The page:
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article imageCops accused of eating confiscated pot brownies

By Kim I. Hartman     Sep 29, 2011 in Crime
Houston - Three Houston police officers are under investigation after a 19-year-old man who was arrested for drug possession accused them of eating his pot brownies. He backs up his claim with a transcript of a conversation the cops had later that night.
Nicholas Hill claims he told the police "they weren't not the kind of brownies their mom's use to make" when the officer said, "let me guess what's in this," referring to a tray of marijuana laced brownies.
The Houston Police Department was responding to a complaint that someone had smelled marijuana smoke when the brownies were discovered by officers knocking on doors at the Atascocita's apartments , reports ABC News.
A search of the apartment produced the fresh batch of pot brownies and some marijuana. Hill and his friends were arrested and taken into custody by the HPD, but not before warning the cops not to eat the space cakes.
The Houston police officers allegedly consumed the brownies then returned to their patrol cars, where they exchanged messages on their in-car computers that Hill says backs up his claim the cops ate his pot brownies.
The conversation between the 'spaced-out' cops was automatically saved by the police department's communication system and ABC's local news obtained a copy. It read:
At 2:44 in the morning one officer writes, "So HIGH ...Good munchies"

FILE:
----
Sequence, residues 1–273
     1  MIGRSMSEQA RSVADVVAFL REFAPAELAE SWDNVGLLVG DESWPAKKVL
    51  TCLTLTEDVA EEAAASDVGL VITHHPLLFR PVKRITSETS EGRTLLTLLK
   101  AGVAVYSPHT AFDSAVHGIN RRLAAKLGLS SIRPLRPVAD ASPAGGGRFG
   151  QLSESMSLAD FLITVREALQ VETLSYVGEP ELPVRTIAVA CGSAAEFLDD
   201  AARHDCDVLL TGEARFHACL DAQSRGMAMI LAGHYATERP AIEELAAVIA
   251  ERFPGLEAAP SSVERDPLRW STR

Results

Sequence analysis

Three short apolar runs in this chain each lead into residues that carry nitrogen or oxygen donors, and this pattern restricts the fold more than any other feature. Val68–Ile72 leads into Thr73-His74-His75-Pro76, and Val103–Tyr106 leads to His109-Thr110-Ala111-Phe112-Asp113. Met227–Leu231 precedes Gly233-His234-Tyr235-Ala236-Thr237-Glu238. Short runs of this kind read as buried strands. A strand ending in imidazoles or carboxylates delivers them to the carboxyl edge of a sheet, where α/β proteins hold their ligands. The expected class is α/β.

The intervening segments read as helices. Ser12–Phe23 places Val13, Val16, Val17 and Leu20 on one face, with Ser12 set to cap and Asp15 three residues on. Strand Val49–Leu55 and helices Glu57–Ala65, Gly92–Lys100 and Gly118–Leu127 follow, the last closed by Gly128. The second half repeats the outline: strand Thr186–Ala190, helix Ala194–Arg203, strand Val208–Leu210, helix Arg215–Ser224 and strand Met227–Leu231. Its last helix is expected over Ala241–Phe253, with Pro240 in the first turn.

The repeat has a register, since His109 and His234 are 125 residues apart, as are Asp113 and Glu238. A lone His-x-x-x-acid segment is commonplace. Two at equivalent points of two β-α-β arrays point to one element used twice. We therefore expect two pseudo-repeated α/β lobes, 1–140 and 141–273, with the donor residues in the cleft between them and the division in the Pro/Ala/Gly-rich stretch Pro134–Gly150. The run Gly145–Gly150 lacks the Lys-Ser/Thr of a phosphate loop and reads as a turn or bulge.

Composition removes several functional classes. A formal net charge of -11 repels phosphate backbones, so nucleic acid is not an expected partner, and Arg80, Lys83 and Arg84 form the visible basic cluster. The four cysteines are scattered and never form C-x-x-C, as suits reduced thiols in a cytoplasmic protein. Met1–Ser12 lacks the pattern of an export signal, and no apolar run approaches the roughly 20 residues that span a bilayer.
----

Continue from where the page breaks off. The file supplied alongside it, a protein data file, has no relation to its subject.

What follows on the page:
The other writes back, "Everything should be open when we get done."
First officer: "Two hours, max."
"Probably, but this will take the whole shift."
Houston Police Department's Internal Affairs Division says the incident is under investigation and the officers involved are being tested for drugs. Executive Assistant Chief Mike Dirden admitted to ABC News that this can put "the integrity of the department at risk."
Daniel Cahill, defense attorney for Hill, said: “If they actually are true, then we’re talking about is destruction of evidence. That’s a felony. We’re talking about official misconduct. We’re potentially talking about police offices driving around the city of Houston high on drugs, conducting official police business while high on drugs. It’s a pretty big deal.”
Hill's drug possession charge is "stuck in a holding pattern," according to Cahill, pending the outcome of the Internal Affairs investigation.
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